Guo Taiming is expected to leave office on Friday. Following his departure, Foxconn will elect a new chairman, while the CEO position will be replaced by a nine-member committee. Over the past 45 years, Mr. Gou has been the company's only decision maker and face. Thus, with this significant change in leadership, transparency will be long absent, but it will also allow this huge company, which spans more than a dozen countries, has more than a million employees and an all-star customer list, to be in the hands of a committee, not a single person.
Regardless of the leadership of Guo Taiming, the author has always been skeptical about the future of the company and the company.
The actions of the company's new management can now alleviate some of these problems. In the ensuing investor events and conference calls, these executives, many of whom rarely spoke publicly, answered concisely and satisfactorily the challenges of running Foxconn in the Trump era and the changes the company needed. This change is refreshing compared with the insignificant answers given by Gou to the media before.
Winter is approaching: With the slowdown of global electronics industry growth, Hon Hai Precision's profit growth has stagnated for several years. Winter is approaching: With the slowdown of global electronics industry growth, Hon Hai Precision's profit growth has stagnated for several years.
Nevertheless, this does not mean that everything is in order. Discussions on Foxconn's next chairman have been going on for more than a decade and are continuing. Huang Chiu-lian, the group's chief financial officer, is also on the list of potential chairmen. The heads of other departments are more or less on this list.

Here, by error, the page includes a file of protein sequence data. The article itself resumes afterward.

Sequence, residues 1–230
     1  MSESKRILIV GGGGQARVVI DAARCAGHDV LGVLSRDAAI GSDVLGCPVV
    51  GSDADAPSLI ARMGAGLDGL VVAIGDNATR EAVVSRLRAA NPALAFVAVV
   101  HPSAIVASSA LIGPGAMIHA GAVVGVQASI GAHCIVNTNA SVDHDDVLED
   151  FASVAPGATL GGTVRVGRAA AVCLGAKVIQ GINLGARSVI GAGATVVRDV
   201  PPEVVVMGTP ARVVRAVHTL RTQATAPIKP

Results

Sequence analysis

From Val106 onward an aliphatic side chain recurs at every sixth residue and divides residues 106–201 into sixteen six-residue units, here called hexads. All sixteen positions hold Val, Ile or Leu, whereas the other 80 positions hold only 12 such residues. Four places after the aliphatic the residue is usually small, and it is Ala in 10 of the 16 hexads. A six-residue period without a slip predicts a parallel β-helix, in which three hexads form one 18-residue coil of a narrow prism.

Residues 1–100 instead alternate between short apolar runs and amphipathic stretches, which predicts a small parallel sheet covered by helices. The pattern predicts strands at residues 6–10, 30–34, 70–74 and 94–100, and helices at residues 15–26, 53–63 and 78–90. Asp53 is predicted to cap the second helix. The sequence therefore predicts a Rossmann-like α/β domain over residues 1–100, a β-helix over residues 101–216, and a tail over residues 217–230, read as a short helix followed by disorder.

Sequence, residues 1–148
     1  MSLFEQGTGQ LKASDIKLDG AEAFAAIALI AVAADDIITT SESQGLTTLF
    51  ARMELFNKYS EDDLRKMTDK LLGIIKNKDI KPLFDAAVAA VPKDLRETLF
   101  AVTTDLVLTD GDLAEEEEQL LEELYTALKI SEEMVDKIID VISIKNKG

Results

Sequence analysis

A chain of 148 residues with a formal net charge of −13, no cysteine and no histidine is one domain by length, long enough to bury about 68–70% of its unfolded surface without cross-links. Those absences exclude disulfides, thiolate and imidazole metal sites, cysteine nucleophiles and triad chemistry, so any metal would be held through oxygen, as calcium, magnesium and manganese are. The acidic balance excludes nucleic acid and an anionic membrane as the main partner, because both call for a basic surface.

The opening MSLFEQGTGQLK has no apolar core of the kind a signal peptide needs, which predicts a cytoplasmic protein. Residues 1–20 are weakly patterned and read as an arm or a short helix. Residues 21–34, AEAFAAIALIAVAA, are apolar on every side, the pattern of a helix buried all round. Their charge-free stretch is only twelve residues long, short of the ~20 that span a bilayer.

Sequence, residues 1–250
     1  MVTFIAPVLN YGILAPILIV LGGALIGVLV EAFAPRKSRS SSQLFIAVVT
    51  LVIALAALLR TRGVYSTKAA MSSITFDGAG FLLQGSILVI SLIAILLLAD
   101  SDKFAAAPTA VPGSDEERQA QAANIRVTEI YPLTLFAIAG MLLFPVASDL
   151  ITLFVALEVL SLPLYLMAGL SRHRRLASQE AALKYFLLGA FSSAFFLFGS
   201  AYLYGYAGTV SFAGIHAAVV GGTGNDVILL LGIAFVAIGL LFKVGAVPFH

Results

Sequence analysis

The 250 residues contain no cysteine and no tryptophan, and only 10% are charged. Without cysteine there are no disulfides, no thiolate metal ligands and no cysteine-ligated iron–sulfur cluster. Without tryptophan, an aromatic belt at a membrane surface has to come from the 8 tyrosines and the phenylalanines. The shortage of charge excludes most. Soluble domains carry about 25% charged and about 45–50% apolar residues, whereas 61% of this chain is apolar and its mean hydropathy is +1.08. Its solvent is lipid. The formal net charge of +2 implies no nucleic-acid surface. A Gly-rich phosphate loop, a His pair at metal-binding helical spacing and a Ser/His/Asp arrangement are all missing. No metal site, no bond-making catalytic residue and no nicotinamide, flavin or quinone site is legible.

However, the author believes that Liu Liu, the head of Foxconn's chip division, will become the new chairman (because Huang Qiulian is not a new board member, she will not participate in the chairman's election). However, being a chairman does not mean that you can stabilize Foxconn's Iron Throne. Instead, the committee's management strategy will expose many possible struggles between the various department heads within the company, some of whom are also members of the internal circle.
Any administrative decision inevitably becomes a problem of resource allocation. Given Foxconn's reputation for being stingy in the industry, there is a good chance that departments will have to compete with each other or bargain secretly to get the resources they want.
If the co-governance shown by the new team in the first public meeting disappears, the administrative lineup is likely to develop into a war of attrition. Twelve years ago, when Gou Taiming just put forward the idea of retirement, he said he planned to reduce the list of candidates from 35 to less than 10. But unlike Zhang Zhongmou of TSMC, who spent considerable time training successors for his company, Guo never bothered to train any successors.
Many Foxconn followers have told me that they believe that after Gou's resignation, most executives are likely to retire in a relatively short period of time if they do not have clear control over the company. After some people leave, competition for vacant positions will follow.
I am concerned that a series of departures and infighting will weaken Foxconn just as it needs stability and a single leader. Once turbulence occurs, any ultimate winner will find that the Iron Throne has long disappeared, let alone struggled with the Dragon. (Muer)